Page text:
This play does not have any sympathy for the institution of marriage,
yet neither has it any for "open marriages" or "free love." Rather it
shows that both the former and the latter are just different ways of
oppressing women and that the only logical and just relationship
between a woman and a man would have to be one where they are sexual
exclusive to one another, share EQUALLY all responsibilities, such as
cleaning, cooking, child care, generating of income, etc, treat each
other with respect and love.
Was Nude and One Wore Tails (1985):
32 pages, a satirical take on the role that clothes play in a
capitalist, classist society. It makes the point that the respect and
deference that is shown to people who simply wear certain types of
clothes is an absurd and illogical situation, just another reason why
capitalism needs to be destroyed. Fo also points out the vast
difference in attitude that the police will adopt in regard to someone
dressed like a worker, and someone who has on a suit, even if it is a
worker in a suit or a rich man in workers' clothes! So clothes are
correctly shown to be socially significant items which are used to help
classify people, and keep people in their places, and for some (i.e.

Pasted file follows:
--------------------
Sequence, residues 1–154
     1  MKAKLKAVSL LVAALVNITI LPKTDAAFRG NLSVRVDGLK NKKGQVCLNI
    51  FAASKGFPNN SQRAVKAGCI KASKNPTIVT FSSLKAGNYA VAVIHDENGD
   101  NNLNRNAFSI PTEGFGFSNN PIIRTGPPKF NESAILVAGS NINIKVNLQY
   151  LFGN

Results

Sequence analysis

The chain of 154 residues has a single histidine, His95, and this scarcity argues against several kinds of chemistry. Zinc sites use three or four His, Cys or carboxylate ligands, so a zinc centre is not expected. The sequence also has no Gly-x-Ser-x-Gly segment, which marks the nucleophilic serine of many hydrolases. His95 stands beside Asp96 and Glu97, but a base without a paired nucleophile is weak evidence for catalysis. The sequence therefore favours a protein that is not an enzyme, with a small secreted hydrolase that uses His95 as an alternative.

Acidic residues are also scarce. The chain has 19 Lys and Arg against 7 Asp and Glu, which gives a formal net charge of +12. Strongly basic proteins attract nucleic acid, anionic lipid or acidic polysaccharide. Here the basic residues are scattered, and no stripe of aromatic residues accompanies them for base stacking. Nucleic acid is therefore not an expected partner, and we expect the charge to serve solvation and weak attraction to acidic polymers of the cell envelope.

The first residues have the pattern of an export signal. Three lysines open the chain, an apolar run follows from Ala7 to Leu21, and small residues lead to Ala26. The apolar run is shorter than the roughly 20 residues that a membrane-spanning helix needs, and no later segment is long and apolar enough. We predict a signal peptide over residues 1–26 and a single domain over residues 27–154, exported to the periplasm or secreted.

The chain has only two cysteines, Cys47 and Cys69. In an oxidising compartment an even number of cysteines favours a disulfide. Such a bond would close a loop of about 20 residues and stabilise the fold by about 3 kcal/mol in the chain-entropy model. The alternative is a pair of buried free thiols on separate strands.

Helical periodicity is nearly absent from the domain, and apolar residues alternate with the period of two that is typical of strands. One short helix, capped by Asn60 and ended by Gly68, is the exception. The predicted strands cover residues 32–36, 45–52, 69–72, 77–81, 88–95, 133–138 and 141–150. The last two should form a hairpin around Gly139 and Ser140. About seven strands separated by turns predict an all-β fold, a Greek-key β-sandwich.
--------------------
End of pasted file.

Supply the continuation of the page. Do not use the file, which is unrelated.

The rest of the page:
the rich), as a significant protection.
Pope and the Witch (1989):
111 pages, a satire directed against the pope and the Vatican as a
whole. Fo portrays the pope as a insane, dogmatic idiot, and
consistently criticizes the Vatican's position on many
things, among them: birth control and the obscene wealth that the
Vatican has accumulated over the hundreds of years of it's existence.
In the process of mocking and criticizing the pope, Fo puts forward a
progressive view of drugs by pointing out that illegalizing drugs
only hurts the victims and works towards making it harder for them to
function (i.e. price increased, quality decreased), and denies them
help to quit. It also helps to spread blood-transmitted diseases like
AIDS if the drug being used is injected intravenously with a needle
(i.e clean needles are not available, or very hard to come by).
Adulto Escapes from the Zoo (1991):
72 pages, this is collection of eight small plays written by Franca
Rame and Fo. These short plays are all independent of each other,
but they were meant to be performed consecutively as part of one
performance, with a general introduction at the beginning. They all
deal with the problems facing women and the sexism which faces them,
and yet all of the plays are comedies, but
this does not take away from the very serious nature of the subjects
being portrayed and discussed. I will give a few brief notes about each
A Woman Alone: this play deals
with the unhappiness and
oppression which many housewives suffer under in the home in addition
to their oppression in society as a whole. It also looks at the
unfortunate fact that many women reach old age, have children, and yet
still never experience love or even know first hand what an orgasm is.
The Freak Mommy: this play looks at how men, both husband and
son alike, entrap and keep women confined to playing the role of
docile, domestic mother, whose only allowable strong passion is for the
welfare of her children.
Waking Up: this play deals with the incredibly
burden that working class women have to put up with. Not only do they
work full-time in a factory, office, etc, but they are most often